Your Guide To Ornamental Grasses
Ornamental Grasses are among the most versatile and useful plants in any garden. They add movement, texture and colour throughout the summer, and continue to offer interest and beauty throughout the fall and into winter. Easy to use, and easy to grow, they earn their place with their low-maintenance presence. Diminutive and detailed, or giant and graceful, there’s a grass that’s perfect for a space in your garden.
Tiny Dancers – Dwarf And Compact Varieties
Ornamental grasses come in all sorts of sizes and shapes. Smaller, rounder dwarf varieties are perfect for the front of the border, small container accents, or used for edging in tidy rows or groups. Try a few of our classic favourites.
Blue Fescue ‘Elijah Blue’
Blue Fescue grass is valued for its clumping habit, and stunning display of colourful, grey-blue foliage. In the garden, it has a rounded mound shape. Tan flower spikes appear in early summer, and persist as an interesting feature throughout the fall and into winter. Excellent for mass planting, edging, as a feature on walkways or paths, or in the rock garden.
At maturity, this grass grows to 12-14’″ high and wide. For healthiest growth and brightest colour, plant in areas that get full sun daily (that’s 6 or more hours.)
Japanese Blood Grass – Imperata ‘Red Baron’
This grass is dramatic! Green at the base, the red tips become more intense over the summer and into fall. From September into frost, this grass blazes in the landscape as a flaming orange-red. It grows vigorously when planted in full sun to part shade. Japanese Blood Grass offers an attractive textural element, especially in a border or planted in groups to create drifts or meadows. In winter, foliage will remain present if left untrimmed, with papery brown leaves and flower spikes to offer visual interest. ‘Red Baron’ grows 18″ high and 12″ wide.
Pennisetum (Fountain Grass)
Fountain Grass is popular particularly for it’s flowers. ‘Hameln’ forms an upright mound of arching green leaves, bearing bottlebrush spikes of silvery-white flowers that turn to buff or tan as they dry. This variety grows best in full sun, and is drought tolerant once established in the garden.
Made For Shade – Shade-Tolerant Grasses
While most grasses prefer full sun, these beauties add colour and texture to shady spaces.
Japanese Forest Grass (Hakonechloa)
Hakonechloa is one of the most gorgeous types of ornamental grasses, and also one of the few that prefers shady sites. This interesting grass forms a low mound of arching stems, with cascading layers of narrow leaves striped with bright yellow and green. The graceful effect is similar to a dwarf bamboo, but without any invasive tendencies. Clumps are slow to grow, but eventually make a spectacular border edging or striking focal plant.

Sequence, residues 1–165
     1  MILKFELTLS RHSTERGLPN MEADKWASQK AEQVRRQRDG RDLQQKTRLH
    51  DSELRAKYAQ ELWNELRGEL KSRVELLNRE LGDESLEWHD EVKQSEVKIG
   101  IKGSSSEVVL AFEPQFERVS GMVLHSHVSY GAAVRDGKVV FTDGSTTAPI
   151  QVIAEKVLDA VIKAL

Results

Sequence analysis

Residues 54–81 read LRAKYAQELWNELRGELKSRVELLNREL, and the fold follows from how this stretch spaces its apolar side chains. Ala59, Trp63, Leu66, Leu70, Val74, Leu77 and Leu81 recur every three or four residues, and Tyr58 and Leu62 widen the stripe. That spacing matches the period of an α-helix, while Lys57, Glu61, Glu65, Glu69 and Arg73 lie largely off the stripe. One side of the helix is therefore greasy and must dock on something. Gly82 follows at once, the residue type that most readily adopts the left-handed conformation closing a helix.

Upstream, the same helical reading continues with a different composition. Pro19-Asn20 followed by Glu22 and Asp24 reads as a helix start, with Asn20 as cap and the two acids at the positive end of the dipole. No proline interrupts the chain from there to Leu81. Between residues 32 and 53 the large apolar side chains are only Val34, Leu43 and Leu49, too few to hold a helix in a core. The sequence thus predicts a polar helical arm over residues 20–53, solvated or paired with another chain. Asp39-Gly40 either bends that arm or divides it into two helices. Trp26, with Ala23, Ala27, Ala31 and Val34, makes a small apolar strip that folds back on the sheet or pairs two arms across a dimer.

Hakonechloa combines beautifully with Hostas or ferns, since all three have similar growth requirements. This grass prefers moist soil, and enjoys a mulched surface planted in shady or partially shaded spaces. ‘Aureola’ grows to 18″ high and 20″ wide.
Landscape Stars – Outstanding Garden Grasses
These mid-size grasses mature to 4-5’ tall and are favoured by landscape designers for their commanding presence and architectural appeal.
Calamagrostis ‘Karl Foerster’
This might be the MOST popular grass for large landscapes and places where a tough, tidy, attractive plant is needed. ‘Karl Foerster’ is an upright selection of perennial Feather Reed Grass, with dark green leaves, and wheat coloured, stiff plumes in summer, which last into winter. One of the earliest ornamental grasses to emerge in spring, it grows quickly in the early part of the season and then remains steadfast into winter.
Left to stand through the snowy months, it stays somewhat upright and buff coloured for shape in the winter garden. This grass is well suited to mass planting, but can be used as a specimen as well. ‘Karl Foerster’ grows to 48″ tall and 24″ wide, and prefers full sun.
Miscanthus (Maiden Grass)
There are many selections of Miscanthus now available, but ‘Gracillius’ is by far the most popular of all. Plants form a graceful, upright mound of narrow green foliage that stays attractive from summer right through the winter. Coppery-pink plumes appear in late fall, although sometimes not at all in cool summer regions. The foliage dries and turns a light tan shade for the winter. Useful as a specimen, in the border, or for mass planting.
Homegrown Heroes – Switch Grasses
The Panicum (Switch Grass) species of ornamental grasses are native to Ontario, and even cultivated varieties help to benefit local birds and pollinators AND your garden design.
Switch Grass is one of the easiest and most attractive ornamental grasses, with no tendency to spread or become troublesome. Panicum ‘Northwind’ forms a tall, narrow mound of olive-green leaves, bearing airy heads of tiny green flowers in late summer. In Fall, the change in colour is unique and striking, a brilliant golden yellow, fading to tan after hard frost. The upright habit is attractive in the garden all winter long, and provides protection and perch for birds. The fireworks-shaped flowers are good for use as a cut flower accent, used either fresh or dried. Trim down to the ground in early spring. Clumps can be divided and replanted in spring. Drought tolerant once established. Grows 4′ high and 2.5′ wide.
Panicum ‘Blood Brothers’
A Canadian introduction, this Switch Grass develops outstanding red foliage colour. It forms an upright, slightly vase-shaped mound of green-blue leaves, the tips developing blood-red tones by midsummer that get better through the autumn. Sprays of small reddish flowers develop into tan seedheads by late fall. The plant remains sturdy and attractive well into winter, and is a great addition in a sunny border.
Discovered by Canadian gardener Dale Smith as a sport of ‘Heavy Metal’ in her former garden near St. Thomas, Ontario.